Mini piling is a great option for creating foundations in spaces that would otherwise be considered too narrow for other types of construction. It is fast, efficient and versatile enough to suit a wide variety of projects.
It is also ideal for built-up areas, since it causes minimal noise and vibrations. This makes it ideal for installation in environmentally-challenging ground conditions, such as for wind turbine towers.
Bottom-driven piling is a popular method of foundation installation. These piles are typically manufactured off site, then driven into the ground using a crawler rig or drop hammer rig.
This type of piling is often the most cost effective deep foundation solution and can be used in a variety of projects including embankments, bridges, retaining walls, anchorage structures and more. It is also suitable for earthquake prone regions, as it can withstand large lateral and bending forces.
The main advantage of this type of piling is that it can be installed quickly and efficiently. It is also highly versatile and can be adapted to various compression, lateral loads or tension.
Auger Piling (also known as Continuous Flight Auger or CFA) is a low noise, vibration-free deep foundation system that can be used in both urban and sensitive sites. It is a very economical, quick and quiet alternative to other deep foundation systems such as screw piles and casings.
Depending on the subsoil conditions, pile lengths can vary drastically. Normally, piles of this type will be installed to a depth where they can carry the load in a combination of friction and end bearing.
These piles are constructed by drilling into the ground with a hollow stem continuous flight auger to a desired depth, and then pumping fluid concrete grout through the auger. A steel reinforcement cage is then inserted into the grout immediately after withdrawal of the auger.
Top-driven piles are a cost effective option for new construction, building additions and industrial expansion projects. They can be manufactured off site, making them easy to transport and install on-site once they reach the construction site.
They can also be easily field-spliced to provide longer or shorter piling lengths when required. They are also a more efficient method of supporting the construction of a structure as they generally have superior structural strength to other foundations.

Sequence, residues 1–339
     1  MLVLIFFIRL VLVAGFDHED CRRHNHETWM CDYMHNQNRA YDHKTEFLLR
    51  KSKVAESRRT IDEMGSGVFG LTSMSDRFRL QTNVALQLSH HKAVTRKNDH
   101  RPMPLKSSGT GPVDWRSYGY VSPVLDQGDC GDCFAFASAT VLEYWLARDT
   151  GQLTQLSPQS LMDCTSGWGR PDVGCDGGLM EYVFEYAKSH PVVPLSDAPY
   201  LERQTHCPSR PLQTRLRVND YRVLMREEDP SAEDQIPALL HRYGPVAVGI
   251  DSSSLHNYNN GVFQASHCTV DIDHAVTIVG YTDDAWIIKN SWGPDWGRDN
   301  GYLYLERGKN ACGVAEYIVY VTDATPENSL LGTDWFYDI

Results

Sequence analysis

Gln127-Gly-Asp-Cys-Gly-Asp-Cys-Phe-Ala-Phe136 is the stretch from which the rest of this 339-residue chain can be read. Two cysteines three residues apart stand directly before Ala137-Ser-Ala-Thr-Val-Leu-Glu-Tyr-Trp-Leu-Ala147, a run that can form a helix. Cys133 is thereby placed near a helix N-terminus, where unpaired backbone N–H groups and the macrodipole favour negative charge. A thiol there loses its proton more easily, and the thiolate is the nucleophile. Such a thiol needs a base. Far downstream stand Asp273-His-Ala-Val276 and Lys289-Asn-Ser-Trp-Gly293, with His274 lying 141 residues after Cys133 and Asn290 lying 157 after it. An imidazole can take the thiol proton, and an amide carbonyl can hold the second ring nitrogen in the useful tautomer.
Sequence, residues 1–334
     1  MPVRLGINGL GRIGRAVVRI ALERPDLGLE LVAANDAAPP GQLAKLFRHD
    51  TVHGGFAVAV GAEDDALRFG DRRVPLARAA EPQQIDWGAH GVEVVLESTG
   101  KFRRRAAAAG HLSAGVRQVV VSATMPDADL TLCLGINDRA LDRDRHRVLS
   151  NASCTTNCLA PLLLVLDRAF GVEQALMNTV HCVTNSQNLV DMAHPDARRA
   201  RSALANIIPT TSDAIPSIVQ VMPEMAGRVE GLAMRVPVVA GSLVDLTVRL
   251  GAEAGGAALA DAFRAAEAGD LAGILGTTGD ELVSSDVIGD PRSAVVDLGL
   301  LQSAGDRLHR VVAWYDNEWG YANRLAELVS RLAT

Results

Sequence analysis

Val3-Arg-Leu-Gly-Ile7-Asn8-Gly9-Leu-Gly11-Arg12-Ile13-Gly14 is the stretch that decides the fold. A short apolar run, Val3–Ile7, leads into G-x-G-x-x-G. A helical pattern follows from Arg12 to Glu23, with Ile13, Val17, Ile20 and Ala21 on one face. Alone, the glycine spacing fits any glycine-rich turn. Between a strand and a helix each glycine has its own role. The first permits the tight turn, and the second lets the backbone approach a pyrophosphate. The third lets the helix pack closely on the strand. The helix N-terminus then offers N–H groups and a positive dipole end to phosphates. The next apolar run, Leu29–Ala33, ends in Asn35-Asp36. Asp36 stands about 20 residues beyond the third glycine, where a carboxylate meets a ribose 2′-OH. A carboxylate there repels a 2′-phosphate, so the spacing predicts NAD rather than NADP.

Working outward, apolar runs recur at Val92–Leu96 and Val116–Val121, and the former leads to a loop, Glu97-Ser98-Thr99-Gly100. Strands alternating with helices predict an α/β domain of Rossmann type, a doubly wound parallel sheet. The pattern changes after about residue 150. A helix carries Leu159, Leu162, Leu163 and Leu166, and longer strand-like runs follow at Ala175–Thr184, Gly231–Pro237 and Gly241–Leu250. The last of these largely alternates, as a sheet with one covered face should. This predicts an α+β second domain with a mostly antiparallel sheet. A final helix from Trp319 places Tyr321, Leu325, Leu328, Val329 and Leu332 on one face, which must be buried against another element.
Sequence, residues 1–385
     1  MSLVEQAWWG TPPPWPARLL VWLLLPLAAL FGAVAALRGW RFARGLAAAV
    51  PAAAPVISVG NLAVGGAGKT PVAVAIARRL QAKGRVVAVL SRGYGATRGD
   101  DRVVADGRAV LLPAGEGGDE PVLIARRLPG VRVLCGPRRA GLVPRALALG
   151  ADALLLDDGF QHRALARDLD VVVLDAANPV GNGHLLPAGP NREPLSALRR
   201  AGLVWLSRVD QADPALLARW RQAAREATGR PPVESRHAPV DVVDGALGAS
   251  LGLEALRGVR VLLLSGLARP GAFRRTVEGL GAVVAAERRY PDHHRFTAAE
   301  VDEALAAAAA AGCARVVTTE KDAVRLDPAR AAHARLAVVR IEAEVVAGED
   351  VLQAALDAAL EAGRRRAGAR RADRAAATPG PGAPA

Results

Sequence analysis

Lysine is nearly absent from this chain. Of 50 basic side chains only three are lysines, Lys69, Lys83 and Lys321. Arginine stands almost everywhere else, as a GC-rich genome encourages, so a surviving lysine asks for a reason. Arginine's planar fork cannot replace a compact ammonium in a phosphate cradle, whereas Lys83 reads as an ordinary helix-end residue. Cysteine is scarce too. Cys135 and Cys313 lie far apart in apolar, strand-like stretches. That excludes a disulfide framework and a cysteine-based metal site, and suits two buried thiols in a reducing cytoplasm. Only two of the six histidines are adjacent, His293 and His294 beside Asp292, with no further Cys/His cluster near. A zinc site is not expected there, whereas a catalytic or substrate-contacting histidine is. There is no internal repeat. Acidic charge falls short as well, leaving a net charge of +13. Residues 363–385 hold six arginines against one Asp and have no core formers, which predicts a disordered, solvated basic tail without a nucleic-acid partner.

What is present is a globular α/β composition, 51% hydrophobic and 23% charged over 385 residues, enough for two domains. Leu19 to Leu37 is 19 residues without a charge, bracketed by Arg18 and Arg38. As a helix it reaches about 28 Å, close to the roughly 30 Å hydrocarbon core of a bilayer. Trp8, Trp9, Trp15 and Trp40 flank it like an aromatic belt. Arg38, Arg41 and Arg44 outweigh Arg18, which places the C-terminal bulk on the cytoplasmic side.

The main disadvantage of using this type of piling is that it requires a high level of experience to be used effectively. This is because the process of driving the pile requires a high level of precision, which can be difficult for inexperienced operators to master.
Driven piles are driven in lengths of 2-6m, hammering them into the soil using an internal drop hammer on a dry concrete plug. They are joined by a full non-structural fillet weld before being filled with high slump concrete or grout and a cage or bar is inserted for strength.
Cage piling is a type of mini piling used to support concrete in bored piles. It is also used to create foundations for basements or other structures in difficult soil conditions.
The main advantage of cage piling is its relatively short construction length, compared to other types of mini piling. This means that the cost of constructing piles can be significantly reduced, and also reduces the risk of ground subsidence or other potential problems.
However, the disadvantage of this type of piling is that it requires more onsite traffic and craneage to deliver the cages to the site. Furthermore, there is a potential for the cages to be damaged by the introduction of hydraulic forces from the placement and removal of concrete.
To avoid this, the pile contractor will usually splice together two pile cages using U-bolts which connect the end of one cage bar of an upper pile cage to the end of a lower cage bar of an adjacent cage. Alternatively, couplers may be used which connect the ends of the cage bars of the upper and lower pile cages.